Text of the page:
|By Kanisha Parks|
If we’re going to talk about poetry, we have to go back—to Harlem, the 1920’s. Back to Langston Hughes and his weary blues, back to Claude McKay and his black man rage. I’m talking about rhyme and rhythm, music and tone; brokenness, hopelessness, sorrow, and pain. I’m talking about the Harlem Renaissance, which is (arguably) one the most essential movements of American poetry. In all honesty, if it weren’t for the Harlem Renaissance, I’m not sure I’d be a poet today.
The Harlem Renaissance was, “A period of musical, literary, and cultural proliferation that began in New York’s African-American community during the 1920’s and early 1930’s. I first learned about the movement in middle school and had the opportunity to study it more in-depth during college. I fell in love with these poets, their plight, and their determination to make their voices heard despite the deplorable conditions they were living in at the time. One of my favorite poems of the era is Countee Cullen’s “Incident:”
Once riding in old Baltimore,
Heart-filled, head-filled with glee,
I saw a Baltimorean
Keep looking straight at me.
Now I was eight and very small,
And he was no whit bigger,
And so I smiled, but he poked out
His tongue, and called me, ‘Nigger.’
I saw the whole of Baltimore
From May until December;
Of all the things that happened there
That’s all that I remember.
I remember feeling amazed at how in just a few short lines, I went from feeling hopeful to helpless, just like the writer and I thought to myself, “Wow. This is so incredibly moving.” His poetry didn’t tell me how to feel but it made me feel something. I learned so much from studying the poets and poems of the Harlem Renaissance, which cemented my love for poetry and its ability to inspire and promote change.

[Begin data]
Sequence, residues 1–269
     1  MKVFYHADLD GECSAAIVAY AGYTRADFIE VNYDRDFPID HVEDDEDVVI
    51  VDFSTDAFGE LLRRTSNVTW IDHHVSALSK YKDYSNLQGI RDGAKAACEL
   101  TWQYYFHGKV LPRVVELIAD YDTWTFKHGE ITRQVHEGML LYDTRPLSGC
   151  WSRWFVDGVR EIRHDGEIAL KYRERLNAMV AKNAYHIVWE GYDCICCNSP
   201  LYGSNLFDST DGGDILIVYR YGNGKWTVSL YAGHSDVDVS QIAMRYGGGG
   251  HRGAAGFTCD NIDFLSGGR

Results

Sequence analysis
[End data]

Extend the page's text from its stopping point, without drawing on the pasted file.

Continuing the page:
I wrote my first poem when I was ten years old and it was about how much I truly loved God. From then on, I started writing Christian poetry, which is simply poetry that explores various topics of Christianity—God, Jesus, the Holy Spirit, faith, love, and anything discussed in the Bible. Most of my poems center around what it means to be a Christian and how to make it in this world, while some come from God’s perspective, revealing how much He truly loves and cares about us.
I write poems that can accompany you through every season of this faith journey that is the Christian life.
Yet it’s amazing how, at a time when we have much more creative freedom than the Harlem Renaissance poets, it appears that poetry has “died.” Although this is a sentiment that I wholeheartedly disagree with, I must recognize the truth about the current state of poetry. And realistically, poetry has become one of those art forms that a lot of people appreciate—from a distance. It’s like, “Yeah, poetry sounds nice and all, but do I really want to buy an entire book of it? Nah.”
And yes, I’ve heard and read many a negative remark about Christian poetry: that it ‘sucks,’ isn’t deep enough, doesn’t resonate with the average person, or it doesn’t sell. You’ll be hard pressed to find a book publisher interested in producing poetry at all, let alone Christian poetry. Some poets like me choose to self-publish, others just share their poems with family and friends.
So that leaves the question—why do I write Christian poetry?
Just like Harlem Renaissance poetry, Christian poetry has meaning and purpose. Similar to many of the Psalms and encouraging verses of the Bible, Christian poetry has the unique ability to lift you up out of your current circumstance and redirect your attentions upon God, so reading and writing poetry helps me keep my mind on God. I also write poetry because I know it pleases God, and it helps me see the good in any and every situation, like Paul suggests in Philippians 4:8:
“Finally, brothers, whatever is true, whatever is honorable, whatever is just, whatever is pure, whatever is lovely, whatever is commendable, if there is any excellence, if there is anything worthy of praise, think about these things.”